In my opinion there is NOTHING wrong with not wanting to be a caregiver - especially when a person has been through it once already and came "this close" to having a nervous breakdown because of it. It was not a good experience, to put it bluntly. If that makes me "selfish" then so be it. I have my children & my grandchildren (another of which is due in March) that I want to spend time with and I should be ABLE to spend time with and enjoy on my days off. To the posters who posted encouraging and helpful responses, thank you.
Helpful Answer (8)

purplesushi, give your sister chores to do while you are at work. If she can be mobile using a cane, she can do laundry, wash dishes, vacuum the rugs, dust, bathroom cleaning might be a challenge but at least the sinks. That would free you up to give you more *you* time. If she doesn't help out, cut off the cable TV. And don't pay for her cellphone.

One of my friends has had MS since the 1970's, and she was able to work 25 years walking with crutches [instead of a cane] and using hand-controls on her car to get to and from work. Of course she had the personality that MS wasn't going to stop her, and has a hubby who supports whatever she does 100%. Since retirement, both her and hubby do volunteer work for their church. Now with her MS her secret was exercise, exercise, and more exercise. That might not be the case with your sister, her MS could be different. But I would go with her to her next doctor appointment to hear the facts.
Helpful Answer (7)

I like the Oscar Wilde definition of selfishness: Selfishness is not living as one wishes - it's expecting others to live as one wishes. I don't see the poster's attitude as selfish at all - she's exhausted from caregiving for her mother and now she's being asked to start all over again with a sibling she's not even especially close to. I also don't think we have any special obligations to people just because they're blood-related. I think it's cold to not reciprocate the caring of people you love and who have cared for you, but this sister doesn't seem to fall into that category. I think the OP has already shown a great deal of charity in allowing the sister to move in for three months after taking care of their mother without help. And as for forgiveness, I can forgive someone without letting them live with me, or live off me. I can forgive my siblings for not helping me with my mother, but that doesn't mean they're moving in.

Purplesushi - your sister is probably depressed. Anybody would be depressed to have their health decline so radically and their spouse dump them at the same time. That's probably why she's sitting around doing nothing all day. Just like you, she needs to rest for a while. She also probably also needs some antidepressants and some supportive counseling. Does she have health insurance, through her husband or otherwise? If so, she should use it now, and not just for her MS. As she starts to feel a little better, she should be able to focus on getting her stuff, getting her benefits, and finding employment and a place to live. If there's anywhere else she can go in the meantime, explore that with her. You shouldn't be stuck with this, and you're not horrible for not wanting to be, but maybe you can help her find her way back to a little stability and better functioning. Good luck.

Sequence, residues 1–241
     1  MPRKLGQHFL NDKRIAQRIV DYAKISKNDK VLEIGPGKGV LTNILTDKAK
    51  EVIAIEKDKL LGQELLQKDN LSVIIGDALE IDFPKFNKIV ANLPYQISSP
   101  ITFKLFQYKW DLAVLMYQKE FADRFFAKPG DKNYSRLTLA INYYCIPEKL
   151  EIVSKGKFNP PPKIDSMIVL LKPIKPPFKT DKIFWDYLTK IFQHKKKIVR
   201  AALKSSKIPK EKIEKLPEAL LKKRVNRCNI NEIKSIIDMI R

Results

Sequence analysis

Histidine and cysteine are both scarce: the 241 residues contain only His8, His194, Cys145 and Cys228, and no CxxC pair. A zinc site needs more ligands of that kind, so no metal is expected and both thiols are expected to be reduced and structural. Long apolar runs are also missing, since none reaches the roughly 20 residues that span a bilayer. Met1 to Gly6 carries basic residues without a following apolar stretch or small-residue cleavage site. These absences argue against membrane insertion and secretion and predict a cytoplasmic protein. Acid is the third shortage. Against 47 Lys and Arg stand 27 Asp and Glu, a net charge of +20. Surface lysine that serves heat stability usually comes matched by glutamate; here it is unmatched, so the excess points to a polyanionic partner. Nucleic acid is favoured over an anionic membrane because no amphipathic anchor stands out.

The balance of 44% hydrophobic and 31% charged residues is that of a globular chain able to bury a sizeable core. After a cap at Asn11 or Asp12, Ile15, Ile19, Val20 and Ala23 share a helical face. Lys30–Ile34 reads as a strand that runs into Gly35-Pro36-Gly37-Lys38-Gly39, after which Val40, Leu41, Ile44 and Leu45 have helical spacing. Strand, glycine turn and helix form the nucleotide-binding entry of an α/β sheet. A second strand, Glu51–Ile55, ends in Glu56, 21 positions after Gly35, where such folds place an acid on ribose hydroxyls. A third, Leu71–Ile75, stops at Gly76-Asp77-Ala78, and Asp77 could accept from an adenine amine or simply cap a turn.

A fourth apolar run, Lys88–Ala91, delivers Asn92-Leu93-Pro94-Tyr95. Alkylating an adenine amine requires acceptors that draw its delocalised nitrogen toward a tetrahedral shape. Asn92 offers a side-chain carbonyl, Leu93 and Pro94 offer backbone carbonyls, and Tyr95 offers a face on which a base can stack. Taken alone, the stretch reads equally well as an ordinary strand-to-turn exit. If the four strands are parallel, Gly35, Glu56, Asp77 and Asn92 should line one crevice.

Helpful Answer (7)

Wow. Your brother in law… are you sure you don't want to share some of the names you've called him?! Pity, I'd have enjoyed that. What a piece of work. What a sense of timing. What a creep.

I'm not surprised your sister is being an ice-cream eating couch potato. I'm not sure I could even summon the energy and motivation to watch t.v. in her position. I feel incredibly sorry for her and I don't even know her. I'm not surprised that you have a sense of growing doom about being stuck with her. BUT.

It's very early days, for one thing. Two months is long enough for the novelty to wear off, granted, but it's not long for her to get straight after her recent separation, face up to her prognosis, and make some extremely important decisions. Play your cards right by actively helping her to make good ones. Good decisions would, by the way, NOT include becoming helplessly dependent on you and your husband.

MS is a horrible disease. That's why there are so many support groups and organisations for people and their families who are affected by it. Get some contacts together for your sister.

Her husband owes her, substantially. He can walk away, if he doesn't mind the world considering him the ultimate low-life, but he can't do it with impunity. Support your sister in getting a fair settlement at the end of this awful process.

There will be lots of things you can do to help. But throughout, not one of them should include the premise that she will be living with you indefinitely. Talk to her, and keep talking. Be gentle, and give it time, and I suspect you'll find that she doesn't want to become a fixture in your home any more than you want her to.

Meanwhile, go out to a forest somewhere, dig a hole, and whisper into it "what goes around comes around." Then fill in the hole. That way you will never be driven to say those words to your sister, no matter how stressful life gets.
Helpful Answer (6)